Mary Ellen Bates was an early proponent of family ministries in the Seventh-day Adventist Church. She encouraged the General Conference to establish the Home Commission department and was affectionally known as “the Mother of the Young Mothers’ Society,” a precursor of the Home and School Association.
William H. Bergherm was an Adventist evangelist, pastor, and administrator. He was the second Adventist minister to become a commissioned chaplain in the United States Army during World War II.
David J. Bieber, an Adventist educator and administrator, was born November 14, 1910, in Tolstoy, South Dakota, to John Bieber and Katherine Trefz (1881–1918; 1876–1973). At birth he was given the name David Bieber. He later added the middle initial of J., but it does not represent a particular name.
Erwin Earl Cossentine was an Adventist educator and administrator. The wisdom Cossentine gained through many years of administrative experience benefited teachers and the development of new Adventist educational institutions around the world during his years as secretary of the General Conference Education Department.
Edith Ellen Armstrong was a Bible instructor in the Lake Union for close to four decades.
Everett Newfon Dick was an Adventist historian, educator, administrator, and fundraiser.
Chloe Vennie Foutz was a prominent Adventist librarian and founding member of the Association of Seventh-day Adventist Librarians (ASDAL).
Ray Warren Fowler was an Adventist educator who served as principal of two academies and president of two colleges in addition to his years of teaching.
Charles Eugene Freidline, a prominent Adventist educator and chemist, was born October 5, 1937 in San Francisco, California, the eldest of two children born to Lawrence Logan Freidline and Catherine Mae McQuillan (1904-1994; 1908-1993).
Minon Hamm was an Adventist educator in the Inter-American and North American Divisions.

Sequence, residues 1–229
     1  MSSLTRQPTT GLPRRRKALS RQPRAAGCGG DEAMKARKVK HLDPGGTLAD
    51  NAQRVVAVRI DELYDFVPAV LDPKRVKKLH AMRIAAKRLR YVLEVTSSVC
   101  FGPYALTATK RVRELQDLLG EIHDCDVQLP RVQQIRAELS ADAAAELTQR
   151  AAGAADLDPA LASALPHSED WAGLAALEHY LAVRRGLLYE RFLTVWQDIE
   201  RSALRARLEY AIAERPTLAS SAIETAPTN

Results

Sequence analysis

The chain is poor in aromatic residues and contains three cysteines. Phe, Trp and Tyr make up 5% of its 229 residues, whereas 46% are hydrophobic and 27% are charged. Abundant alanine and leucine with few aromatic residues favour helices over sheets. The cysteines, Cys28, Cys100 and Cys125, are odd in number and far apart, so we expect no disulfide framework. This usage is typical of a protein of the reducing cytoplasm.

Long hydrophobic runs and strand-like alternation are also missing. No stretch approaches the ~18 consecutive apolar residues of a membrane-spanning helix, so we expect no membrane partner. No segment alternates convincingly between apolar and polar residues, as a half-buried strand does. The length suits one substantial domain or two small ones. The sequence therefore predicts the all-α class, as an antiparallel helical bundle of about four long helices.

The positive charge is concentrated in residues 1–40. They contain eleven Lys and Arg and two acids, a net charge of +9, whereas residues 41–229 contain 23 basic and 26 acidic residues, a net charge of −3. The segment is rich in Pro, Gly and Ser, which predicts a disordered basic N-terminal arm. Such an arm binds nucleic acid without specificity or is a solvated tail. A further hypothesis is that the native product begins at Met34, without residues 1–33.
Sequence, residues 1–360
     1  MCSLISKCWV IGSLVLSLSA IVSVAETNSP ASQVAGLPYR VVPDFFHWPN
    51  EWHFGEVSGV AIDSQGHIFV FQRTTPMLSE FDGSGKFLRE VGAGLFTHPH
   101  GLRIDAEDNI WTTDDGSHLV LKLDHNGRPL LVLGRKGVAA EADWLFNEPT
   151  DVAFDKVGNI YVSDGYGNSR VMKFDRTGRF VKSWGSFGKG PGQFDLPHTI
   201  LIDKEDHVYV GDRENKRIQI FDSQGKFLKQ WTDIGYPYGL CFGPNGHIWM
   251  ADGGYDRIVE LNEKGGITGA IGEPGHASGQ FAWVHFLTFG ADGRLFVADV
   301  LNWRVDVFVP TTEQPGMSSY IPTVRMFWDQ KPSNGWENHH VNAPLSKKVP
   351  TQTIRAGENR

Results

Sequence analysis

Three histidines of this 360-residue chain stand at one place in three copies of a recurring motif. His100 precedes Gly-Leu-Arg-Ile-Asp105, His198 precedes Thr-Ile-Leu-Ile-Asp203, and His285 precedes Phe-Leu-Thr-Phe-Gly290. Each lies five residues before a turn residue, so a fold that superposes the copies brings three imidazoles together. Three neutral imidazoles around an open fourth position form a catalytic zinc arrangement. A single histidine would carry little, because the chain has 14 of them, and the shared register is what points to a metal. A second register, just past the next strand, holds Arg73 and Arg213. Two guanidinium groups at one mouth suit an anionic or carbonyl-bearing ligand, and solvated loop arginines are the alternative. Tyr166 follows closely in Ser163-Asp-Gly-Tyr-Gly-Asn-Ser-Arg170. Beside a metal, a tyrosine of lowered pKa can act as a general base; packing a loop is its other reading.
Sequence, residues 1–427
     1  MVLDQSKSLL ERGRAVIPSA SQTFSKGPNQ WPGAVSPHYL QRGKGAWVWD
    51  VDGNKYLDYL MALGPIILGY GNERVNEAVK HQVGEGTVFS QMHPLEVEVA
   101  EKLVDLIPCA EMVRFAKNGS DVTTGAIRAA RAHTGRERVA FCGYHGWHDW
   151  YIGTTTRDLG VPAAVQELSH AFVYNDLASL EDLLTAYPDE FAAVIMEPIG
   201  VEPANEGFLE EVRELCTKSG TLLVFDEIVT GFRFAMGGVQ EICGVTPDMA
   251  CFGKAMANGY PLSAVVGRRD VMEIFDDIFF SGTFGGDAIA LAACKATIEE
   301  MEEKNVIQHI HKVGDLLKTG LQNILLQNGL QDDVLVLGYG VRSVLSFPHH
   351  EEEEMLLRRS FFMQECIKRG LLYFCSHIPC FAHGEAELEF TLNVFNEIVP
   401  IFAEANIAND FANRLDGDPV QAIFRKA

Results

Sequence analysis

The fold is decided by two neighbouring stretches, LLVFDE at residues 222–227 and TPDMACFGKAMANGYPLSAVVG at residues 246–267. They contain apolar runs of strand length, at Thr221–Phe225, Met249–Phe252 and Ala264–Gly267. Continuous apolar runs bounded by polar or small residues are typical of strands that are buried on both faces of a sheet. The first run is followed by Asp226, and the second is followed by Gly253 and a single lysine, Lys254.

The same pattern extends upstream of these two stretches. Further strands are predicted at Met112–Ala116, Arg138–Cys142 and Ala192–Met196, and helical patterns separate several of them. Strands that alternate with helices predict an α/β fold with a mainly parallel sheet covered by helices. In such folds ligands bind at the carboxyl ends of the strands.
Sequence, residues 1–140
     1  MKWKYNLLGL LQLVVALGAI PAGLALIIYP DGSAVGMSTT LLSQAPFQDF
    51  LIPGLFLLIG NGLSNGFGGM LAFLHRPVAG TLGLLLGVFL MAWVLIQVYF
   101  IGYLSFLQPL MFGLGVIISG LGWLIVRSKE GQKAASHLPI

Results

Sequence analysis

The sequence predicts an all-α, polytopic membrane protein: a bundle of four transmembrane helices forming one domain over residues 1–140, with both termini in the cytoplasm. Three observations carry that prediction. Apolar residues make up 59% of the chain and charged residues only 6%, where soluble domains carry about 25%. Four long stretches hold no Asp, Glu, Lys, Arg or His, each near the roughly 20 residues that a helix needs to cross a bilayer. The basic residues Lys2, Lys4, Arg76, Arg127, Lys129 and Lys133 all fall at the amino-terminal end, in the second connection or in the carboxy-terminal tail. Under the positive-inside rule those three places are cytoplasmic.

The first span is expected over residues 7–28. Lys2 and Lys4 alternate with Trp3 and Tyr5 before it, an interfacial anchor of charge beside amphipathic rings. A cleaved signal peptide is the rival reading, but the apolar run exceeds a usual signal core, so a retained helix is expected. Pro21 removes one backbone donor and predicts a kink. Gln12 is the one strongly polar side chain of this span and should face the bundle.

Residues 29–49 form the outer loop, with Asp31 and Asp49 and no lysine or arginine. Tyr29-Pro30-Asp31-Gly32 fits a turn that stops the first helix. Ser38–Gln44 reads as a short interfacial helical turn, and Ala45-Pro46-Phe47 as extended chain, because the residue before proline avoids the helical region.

Harvey Clarence Hartman, an Adventist educator and administrator, taught in numerous academies and served as an administrator at several Adventist academies and colleges.
David Glenn Hilts—better known as D. Glenn Hilts—was an Adventist educator and librarian.
Worthie Holden was an author whose poems frequently were featured in the Review, sometimes on the front cover.
Lewis Azariah Hoopes an Adventist minister, educator, and administrator, was born on April 20, 1859, in Westland Ohio.
Alger Francis Johns was an Adventist pastor, educator, scholar, and author.
Earl Albert Leonhardt, an Adventist educator and mathematician, was born April 18, 1919, in Council Bluffs, Iowa.
James White Loughhead (Lawhead) was an Adventist educator and administrator in the United States of America.
Myrl Manley was an Adventist educator in the North American Division and the Southern Asia Division, and he founded the World Mission Institute.
The Seventh-day Adventist Medical Cadet Corps (MCC) is a program of the General Conference originally intended to prepare church members for noncombatant military service in the event of compulsory enlistment.
Harvey Arch Morrison, an Adventist educator and administrator, was president of Union College and Washington Missionary College, General Conference education secretary, and business manager of the Review and Herald Publishing Association.